The damaged goods that Walter Jr. finds when he drives over to his dad’s house (in the PT Cruiser…god I love that detail almost as much as the Aztek) leave him emotionally jolted. He almost called 911 because he was so worried about his father. And Walt even missed his birthday. He finds his dad bloody, bruised, drugged, fragile. These are not the memories Walt wants to leave behind. So that restores some sympathy to him. But the tipping point is not the story about his own father that he tells Walter Jr., but the response to the whole point of that story – this notion of perception and memory – that he hears back from his son. Walter Jr. is essentially saying: I don’t care that you’re a mess. That crying, confused, almost sweet man was “real.” That’s who I want back.
The worst way to remember his father: “The way you’ve been this whole last year.”
I’d like to think that this at least temporarily kick-starts Good Walt. And he will try to make amends with Jesse. Beyond that, who knows?
But I can tell you this – Vince Gilligan and his writers have never given up the notion that Walt is a father. And that means something beyond whatever twisted turns becoming Heisenberg have caused or may cause. You don’t write a scene like that – a father talking about how he wants to be remembered, how thoughts of legacy are intertwined with impending death – unless you understand what it’s like to have children. That is to say that I don’t think Breaking Bad goes out with a gunfight or an action sequence. Whenever it goes out, it will be a closing scene or episode immersed in emotional consequence. Stark, uncomfortable honesty – not bullets.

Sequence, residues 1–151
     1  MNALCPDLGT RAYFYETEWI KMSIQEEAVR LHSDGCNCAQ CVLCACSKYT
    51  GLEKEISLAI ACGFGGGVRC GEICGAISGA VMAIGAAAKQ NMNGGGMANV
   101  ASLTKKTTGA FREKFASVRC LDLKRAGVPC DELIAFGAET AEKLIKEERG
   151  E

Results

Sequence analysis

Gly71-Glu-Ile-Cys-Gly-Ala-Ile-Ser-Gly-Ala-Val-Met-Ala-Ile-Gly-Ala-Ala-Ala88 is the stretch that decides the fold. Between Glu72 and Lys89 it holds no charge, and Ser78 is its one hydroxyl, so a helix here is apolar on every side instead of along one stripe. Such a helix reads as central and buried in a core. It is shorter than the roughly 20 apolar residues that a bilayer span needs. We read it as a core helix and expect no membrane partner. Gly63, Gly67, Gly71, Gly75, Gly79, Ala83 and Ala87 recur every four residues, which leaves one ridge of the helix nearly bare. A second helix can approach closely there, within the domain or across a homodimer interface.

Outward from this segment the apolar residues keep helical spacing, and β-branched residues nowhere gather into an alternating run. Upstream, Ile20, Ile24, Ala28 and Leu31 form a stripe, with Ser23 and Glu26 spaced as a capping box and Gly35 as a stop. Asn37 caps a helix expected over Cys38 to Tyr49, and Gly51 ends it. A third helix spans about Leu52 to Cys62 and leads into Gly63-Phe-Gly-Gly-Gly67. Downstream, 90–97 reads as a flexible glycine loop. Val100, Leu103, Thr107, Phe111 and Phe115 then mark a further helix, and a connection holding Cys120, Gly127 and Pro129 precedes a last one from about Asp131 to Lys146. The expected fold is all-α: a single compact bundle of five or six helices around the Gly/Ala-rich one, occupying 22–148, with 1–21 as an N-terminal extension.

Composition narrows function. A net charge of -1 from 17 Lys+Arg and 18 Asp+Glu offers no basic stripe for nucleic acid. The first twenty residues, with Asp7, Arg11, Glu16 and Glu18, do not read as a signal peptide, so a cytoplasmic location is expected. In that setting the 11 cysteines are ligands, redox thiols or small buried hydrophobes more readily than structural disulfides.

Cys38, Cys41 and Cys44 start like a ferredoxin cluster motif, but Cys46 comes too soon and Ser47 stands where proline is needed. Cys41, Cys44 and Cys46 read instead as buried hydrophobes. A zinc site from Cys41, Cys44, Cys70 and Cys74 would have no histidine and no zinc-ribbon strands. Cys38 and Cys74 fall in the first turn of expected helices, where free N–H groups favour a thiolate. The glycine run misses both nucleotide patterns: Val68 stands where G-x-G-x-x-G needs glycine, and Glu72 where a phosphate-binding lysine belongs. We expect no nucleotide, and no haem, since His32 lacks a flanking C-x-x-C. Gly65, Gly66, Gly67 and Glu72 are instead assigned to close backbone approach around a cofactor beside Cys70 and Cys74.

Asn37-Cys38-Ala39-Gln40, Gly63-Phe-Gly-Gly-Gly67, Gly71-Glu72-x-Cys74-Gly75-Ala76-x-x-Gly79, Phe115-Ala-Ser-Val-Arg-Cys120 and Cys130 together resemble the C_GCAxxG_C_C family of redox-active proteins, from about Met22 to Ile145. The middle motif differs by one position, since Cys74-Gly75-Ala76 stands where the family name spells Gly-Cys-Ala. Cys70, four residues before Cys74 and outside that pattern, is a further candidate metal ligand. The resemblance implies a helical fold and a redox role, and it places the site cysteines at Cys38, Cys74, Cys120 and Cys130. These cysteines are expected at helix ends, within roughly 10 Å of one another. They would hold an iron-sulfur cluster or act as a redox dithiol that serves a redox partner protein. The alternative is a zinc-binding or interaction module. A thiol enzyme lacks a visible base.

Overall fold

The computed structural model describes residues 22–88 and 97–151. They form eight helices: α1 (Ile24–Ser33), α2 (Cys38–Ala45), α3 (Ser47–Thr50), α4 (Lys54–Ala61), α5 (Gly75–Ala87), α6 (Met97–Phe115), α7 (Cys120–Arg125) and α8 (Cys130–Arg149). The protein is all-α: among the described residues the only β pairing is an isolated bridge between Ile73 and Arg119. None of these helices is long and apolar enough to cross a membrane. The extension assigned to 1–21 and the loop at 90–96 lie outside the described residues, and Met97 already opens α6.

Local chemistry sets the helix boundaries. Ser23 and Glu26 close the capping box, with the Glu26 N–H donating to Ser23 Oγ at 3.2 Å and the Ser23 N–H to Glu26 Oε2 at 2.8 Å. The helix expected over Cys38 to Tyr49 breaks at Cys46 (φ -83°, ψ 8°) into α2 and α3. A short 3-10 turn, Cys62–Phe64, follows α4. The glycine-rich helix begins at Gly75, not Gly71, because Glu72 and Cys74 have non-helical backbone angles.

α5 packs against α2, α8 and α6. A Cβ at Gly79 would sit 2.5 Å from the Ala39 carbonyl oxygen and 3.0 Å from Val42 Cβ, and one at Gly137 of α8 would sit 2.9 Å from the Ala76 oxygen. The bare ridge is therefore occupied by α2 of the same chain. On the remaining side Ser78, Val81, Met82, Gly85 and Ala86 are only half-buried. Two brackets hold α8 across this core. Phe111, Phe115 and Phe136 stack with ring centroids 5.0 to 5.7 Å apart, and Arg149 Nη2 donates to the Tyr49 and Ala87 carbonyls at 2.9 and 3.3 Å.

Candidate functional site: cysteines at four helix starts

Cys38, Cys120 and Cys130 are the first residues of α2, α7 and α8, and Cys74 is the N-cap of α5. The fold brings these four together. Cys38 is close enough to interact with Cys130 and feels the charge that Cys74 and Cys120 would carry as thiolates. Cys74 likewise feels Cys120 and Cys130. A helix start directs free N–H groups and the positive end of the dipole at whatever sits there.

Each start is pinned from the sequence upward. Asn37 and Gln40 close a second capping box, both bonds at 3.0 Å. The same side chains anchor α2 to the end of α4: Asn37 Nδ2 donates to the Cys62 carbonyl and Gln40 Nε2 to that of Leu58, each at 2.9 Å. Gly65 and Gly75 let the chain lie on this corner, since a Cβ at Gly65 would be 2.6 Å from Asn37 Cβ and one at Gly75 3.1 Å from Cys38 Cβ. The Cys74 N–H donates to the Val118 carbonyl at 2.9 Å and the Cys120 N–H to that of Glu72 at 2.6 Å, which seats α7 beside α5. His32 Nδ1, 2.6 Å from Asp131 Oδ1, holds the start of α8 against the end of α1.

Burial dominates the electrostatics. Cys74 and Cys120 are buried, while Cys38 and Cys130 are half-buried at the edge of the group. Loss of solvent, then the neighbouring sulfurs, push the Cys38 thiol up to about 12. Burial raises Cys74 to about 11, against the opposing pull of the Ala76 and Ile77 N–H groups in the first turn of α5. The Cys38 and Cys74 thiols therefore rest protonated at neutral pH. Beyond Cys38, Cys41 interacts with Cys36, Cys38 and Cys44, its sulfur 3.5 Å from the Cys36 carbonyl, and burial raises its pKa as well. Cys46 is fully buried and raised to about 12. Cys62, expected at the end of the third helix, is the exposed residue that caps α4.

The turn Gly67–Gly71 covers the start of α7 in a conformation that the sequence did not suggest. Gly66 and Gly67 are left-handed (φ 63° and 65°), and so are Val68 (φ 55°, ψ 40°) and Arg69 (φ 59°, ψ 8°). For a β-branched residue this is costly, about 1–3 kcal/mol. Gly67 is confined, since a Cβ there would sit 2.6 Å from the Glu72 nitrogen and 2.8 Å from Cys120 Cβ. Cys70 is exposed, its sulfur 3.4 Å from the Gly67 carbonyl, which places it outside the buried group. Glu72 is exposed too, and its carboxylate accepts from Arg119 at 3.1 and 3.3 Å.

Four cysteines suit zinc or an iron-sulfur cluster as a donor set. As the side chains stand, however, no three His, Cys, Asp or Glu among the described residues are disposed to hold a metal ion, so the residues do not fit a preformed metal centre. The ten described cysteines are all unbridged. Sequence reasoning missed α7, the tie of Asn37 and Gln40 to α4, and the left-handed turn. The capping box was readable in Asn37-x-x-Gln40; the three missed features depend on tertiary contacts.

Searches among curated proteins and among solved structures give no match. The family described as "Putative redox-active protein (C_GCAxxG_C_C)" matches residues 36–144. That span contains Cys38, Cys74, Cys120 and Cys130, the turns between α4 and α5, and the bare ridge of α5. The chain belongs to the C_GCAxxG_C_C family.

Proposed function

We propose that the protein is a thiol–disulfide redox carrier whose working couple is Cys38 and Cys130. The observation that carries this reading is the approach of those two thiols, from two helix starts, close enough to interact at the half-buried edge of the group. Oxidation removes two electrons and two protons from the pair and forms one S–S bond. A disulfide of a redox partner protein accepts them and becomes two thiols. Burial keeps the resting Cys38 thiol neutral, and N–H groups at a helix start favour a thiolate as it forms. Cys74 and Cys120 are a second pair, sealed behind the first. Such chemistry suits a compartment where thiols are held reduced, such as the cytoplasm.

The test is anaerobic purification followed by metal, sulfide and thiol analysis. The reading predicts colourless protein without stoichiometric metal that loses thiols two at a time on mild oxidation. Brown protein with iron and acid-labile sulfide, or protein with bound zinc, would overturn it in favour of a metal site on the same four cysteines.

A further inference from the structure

We can have all the Mexican gunfights we, as viewers and fans, might want at this point. But the only reason Walt “broke bad” in the first place was to protect his family. All the outrageous, adrenaline-fueled episodes in between are fantastic fun, but it’s going to come down to something as simple and tragic as choosing the wrong path when you come upon a fork in the road.
And you know what? That’s awesome. Right now, the two best series on television – Breaking Bad and Mad Men – are on the same channel and they’re both about the same thing: existentialism. Except one’s about existentialism with booze, cigarettes and women. And the other one’s about existentialism with guns, money and meth.
All of the exterior stuff is the hook. It’s mostly why we watch. But Don Draper and Walter White are two very, very messed up people who desperately want to appear as if – and believe themselves – that that’s just not true.
So, yeah, Jesse gunning down the Mexican shooter in the waning seconds -- blood-pumping. But don’t discount Walt’s emotional break-through: “I made a mistake,” he told Walter Jr. through the tears. (Is he talking about Jesse or choosing this life or both?) “It’s my own fault. I had it coming…It’s all my fault. I’m sorry. I’m sorry.”
We’re going to know precisely how sorry in 19 more episodes, but let’s not get too far ahead. There are three more this season. Let’s see how sorry Walt really is this season, first. You never know when Walt’s id will take over again and Heisenberg will reappear.
*based upon tedious fact checking.
I'm watching the encore, and, of fucking course my cable glitches out at a very inopporune time. what is the exhange between gys and jesse after jesse asks him to spare walt? <-------- question in white for anyone who's watched already.
Just finished season 3, almost caught up
Fucking A... Wait is fucked.*